Gardens Grow More Colorful
Yellow beets and blue potatoes sprout beside `heirloom' plants and gourmet herbs. PLOTS THICKEN
THE greening of America is changing into a flowering of many colors - especially in the vegetable patch. Beets are not necessarily red. Carrots are often white rather than orange. Gardeners are swapping seeds for such unusual foods as British telegraph cucumbers, pac choi, Mizuna mustard, and Romanesco broccoli.Skip to next paragraph
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Even as it gets more upscale, the process of growing things is becoming demystified. Almost anyone can grow arugula or basil in a flower pot. Today's hybrid seeds germinate quickly, and premixed soil comes in handy plastic bags.
This year, 29 million households have home vegetable gardens, and the number is increasing, says Charles Scott, president of the National Gardening Association in Burlington, Vt. The reasons he sees: concern over chemicals and pesticides in commercial farming. People are also growing their own food for taste and freshness and to obtain special varieties not available in local markets. Cost, on the other hand, is not a big factor.
``The swing in home vegetable growing seems to be away from the common garden-variety,'' says Steve Frowhine, a horticulturist with W. Atlee Burpee & Co. in Warminster, Penn. ``The trend is for specialty and gourmet vegetables and fruits,'' he says.
Joan Murphy, a local gardener, is growing yellow raspberries, bright red Swiss chard, and yellow beets in her community plot in the Fenway gardens here.
``Colors give you a variety of serving,'' she explains. ``Yellow beets, for example, can be garnished with parsley, and may taste the same, but the green parsley looks prettier than on red beets.''
Pearl Franks, another Fenway gardener, grows white cucumbers to mix with her red onions for pickles she'll make in the fall.
Blue potatoes, red lettuces, and garnet and white radicchio are popular, as are white eggplant, red okra, Asian pears, purple beans, purple broccoli, and white strawberries.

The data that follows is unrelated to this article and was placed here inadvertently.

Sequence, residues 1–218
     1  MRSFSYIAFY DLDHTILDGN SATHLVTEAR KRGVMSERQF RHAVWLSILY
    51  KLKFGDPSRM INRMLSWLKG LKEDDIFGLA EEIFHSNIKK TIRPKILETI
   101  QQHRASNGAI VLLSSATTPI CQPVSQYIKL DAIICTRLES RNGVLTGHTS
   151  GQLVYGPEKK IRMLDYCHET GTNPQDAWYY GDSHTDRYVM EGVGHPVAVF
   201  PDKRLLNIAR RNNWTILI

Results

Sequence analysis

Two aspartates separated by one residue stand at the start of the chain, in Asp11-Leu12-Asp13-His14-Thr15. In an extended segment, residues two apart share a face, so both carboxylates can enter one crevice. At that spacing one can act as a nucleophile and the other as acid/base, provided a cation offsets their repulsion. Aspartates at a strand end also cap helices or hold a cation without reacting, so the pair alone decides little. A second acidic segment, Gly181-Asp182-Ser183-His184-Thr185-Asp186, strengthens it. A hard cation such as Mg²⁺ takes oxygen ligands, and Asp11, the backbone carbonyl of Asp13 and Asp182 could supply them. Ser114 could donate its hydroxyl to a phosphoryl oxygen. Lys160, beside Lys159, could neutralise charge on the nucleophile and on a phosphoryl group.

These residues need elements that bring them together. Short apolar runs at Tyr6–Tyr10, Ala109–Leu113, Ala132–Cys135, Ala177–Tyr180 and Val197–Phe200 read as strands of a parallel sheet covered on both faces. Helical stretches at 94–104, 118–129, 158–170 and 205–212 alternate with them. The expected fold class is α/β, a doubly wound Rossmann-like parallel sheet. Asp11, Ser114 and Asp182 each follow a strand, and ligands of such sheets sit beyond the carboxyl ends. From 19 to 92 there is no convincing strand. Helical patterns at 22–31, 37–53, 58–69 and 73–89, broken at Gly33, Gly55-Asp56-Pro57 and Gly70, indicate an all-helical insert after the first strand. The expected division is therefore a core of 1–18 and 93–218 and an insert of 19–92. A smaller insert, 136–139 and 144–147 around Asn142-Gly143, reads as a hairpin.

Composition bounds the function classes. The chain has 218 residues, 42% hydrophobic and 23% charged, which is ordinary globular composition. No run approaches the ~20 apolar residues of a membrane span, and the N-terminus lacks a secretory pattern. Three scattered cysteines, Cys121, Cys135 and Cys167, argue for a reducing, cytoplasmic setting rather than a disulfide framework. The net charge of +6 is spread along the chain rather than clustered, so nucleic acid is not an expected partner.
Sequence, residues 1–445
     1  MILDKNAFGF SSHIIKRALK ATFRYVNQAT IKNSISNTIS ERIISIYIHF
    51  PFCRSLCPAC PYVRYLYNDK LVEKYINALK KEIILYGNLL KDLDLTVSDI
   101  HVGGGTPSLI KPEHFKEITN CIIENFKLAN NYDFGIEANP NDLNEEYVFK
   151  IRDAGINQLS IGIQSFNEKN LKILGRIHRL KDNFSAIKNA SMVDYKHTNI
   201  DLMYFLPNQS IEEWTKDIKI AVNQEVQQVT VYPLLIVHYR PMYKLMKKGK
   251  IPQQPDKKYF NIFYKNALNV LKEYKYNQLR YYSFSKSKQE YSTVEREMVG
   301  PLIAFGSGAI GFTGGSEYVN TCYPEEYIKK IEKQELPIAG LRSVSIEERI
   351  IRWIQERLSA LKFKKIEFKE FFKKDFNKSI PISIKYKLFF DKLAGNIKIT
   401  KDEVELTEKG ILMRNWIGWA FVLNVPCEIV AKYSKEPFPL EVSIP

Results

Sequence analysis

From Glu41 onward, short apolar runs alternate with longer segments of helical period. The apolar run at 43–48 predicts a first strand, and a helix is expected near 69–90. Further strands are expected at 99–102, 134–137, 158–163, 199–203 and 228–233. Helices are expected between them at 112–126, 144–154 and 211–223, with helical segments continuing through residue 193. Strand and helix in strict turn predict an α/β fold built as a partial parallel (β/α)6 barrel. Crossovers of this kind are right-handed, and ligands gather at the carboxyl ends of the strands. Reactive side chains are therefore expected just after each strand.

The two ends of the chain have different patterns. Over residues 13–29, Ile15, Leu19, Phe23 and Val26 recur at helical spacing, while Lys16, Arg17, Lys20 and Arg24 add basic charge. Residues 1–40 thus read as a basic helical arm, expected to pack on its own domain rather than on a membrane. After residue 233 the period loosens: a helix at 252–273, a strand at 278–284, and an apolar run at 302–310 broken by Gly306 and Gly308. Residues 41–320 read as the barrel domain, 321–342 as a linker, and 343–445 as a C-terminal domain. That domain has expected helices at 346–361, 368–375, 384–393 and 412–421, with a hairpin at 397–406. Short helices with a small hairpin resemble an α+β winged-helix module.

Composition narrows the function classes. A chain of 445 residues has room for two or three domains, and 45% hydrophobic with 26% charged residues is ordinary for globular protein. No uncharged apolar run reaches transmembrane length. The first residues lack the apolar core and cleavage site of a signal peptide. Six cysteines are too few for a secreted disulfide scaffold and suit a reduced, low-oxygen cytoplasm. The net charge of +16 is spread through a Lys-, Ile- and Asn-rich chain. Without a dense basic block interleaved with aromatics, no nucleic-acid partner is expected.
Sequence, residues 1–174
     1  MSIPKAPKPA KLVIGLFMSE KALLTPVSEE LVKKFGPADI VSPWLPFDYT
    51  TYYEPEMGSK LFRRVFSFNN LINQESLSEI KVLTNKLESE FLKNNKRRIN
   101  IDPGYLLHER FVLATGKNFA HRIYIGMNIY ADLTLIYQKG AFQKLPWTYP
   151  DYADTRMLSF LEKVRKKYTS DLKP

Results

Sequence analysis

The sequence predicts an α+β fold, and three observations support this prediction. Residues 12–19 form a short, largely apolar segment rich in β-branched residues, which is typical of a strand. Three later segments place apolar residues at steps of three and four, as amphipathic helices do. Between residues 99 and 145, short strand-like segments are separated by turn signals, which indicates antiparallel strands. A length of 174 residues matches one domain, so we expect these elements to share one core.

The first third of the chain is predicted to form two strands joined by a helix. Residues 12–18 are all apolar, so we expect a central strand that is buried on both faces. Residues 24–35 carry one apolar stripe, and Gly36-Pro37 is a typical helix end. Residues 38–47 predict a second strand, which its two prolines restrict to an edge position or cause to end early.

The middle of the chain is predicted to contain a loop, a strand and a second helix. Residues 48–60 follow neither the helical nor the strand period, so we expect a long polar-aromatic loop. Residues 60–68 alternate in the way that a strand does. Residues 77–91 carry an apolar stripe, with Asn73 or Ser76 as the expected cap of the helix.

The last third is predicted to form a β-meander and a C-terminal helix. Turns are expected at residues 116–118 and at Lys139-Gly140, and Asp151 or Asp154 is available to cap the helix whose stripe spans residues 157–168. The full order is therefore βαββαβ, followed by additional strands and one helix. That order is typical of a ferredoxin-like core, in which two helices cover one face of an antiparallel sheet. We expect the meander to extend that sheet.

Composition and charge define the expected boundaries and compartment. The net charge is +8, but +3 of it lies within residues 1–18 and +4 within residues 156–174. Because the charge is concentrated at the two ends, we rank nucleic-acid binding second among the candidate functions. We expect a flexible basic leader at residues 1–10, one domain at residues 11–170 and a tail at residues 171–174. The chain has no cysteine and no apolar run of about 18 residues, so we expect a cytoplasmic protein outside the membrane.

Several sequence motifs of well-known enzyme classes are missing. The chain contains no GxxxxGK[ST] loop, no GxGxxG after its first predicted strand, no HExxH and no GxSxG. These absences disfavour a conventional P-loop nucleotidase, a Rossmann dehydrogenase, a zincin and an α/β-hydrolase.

Supermarkets, farmers' markets, and specialty stores offer some of these new foods, but this year's figures show that much of today's fresh produce comes from the small garden plots of the United States.
The American Community Gardening Association estimates that 90,000 acres of urban land are cultivated by community food gardeners throughout the nation.
In Seattle, the P-Patch Gardening Program is the biggest all-organic community program in the country. Some 25,000 Seattle residents grow at least $200,000 worth of organic produce in 23 gardens.
Of all vegetables, salad greens are the most popular, according to Renee Shepherd of Felton, Calif. Ms. Shepherd owns a mail-order firm that sells seeds from Italy, France, and Holland.
``More people are into salad gardens than anything else,'' she says. Her customers are growing lettuces of unusual colors and textures - radicchio, arugula, sorrel, red romaine, red oakleaf, and red mustard greens are some of the choices. ``The flavors are exciting and different,'' says Shepherd.
``The range of tastes of the American palate has become wider and more sophisticated as people discriminate between the slightly sharp and subtly bitter flavors of dandelion, arugula, sorrel, and rapini,'' she adds.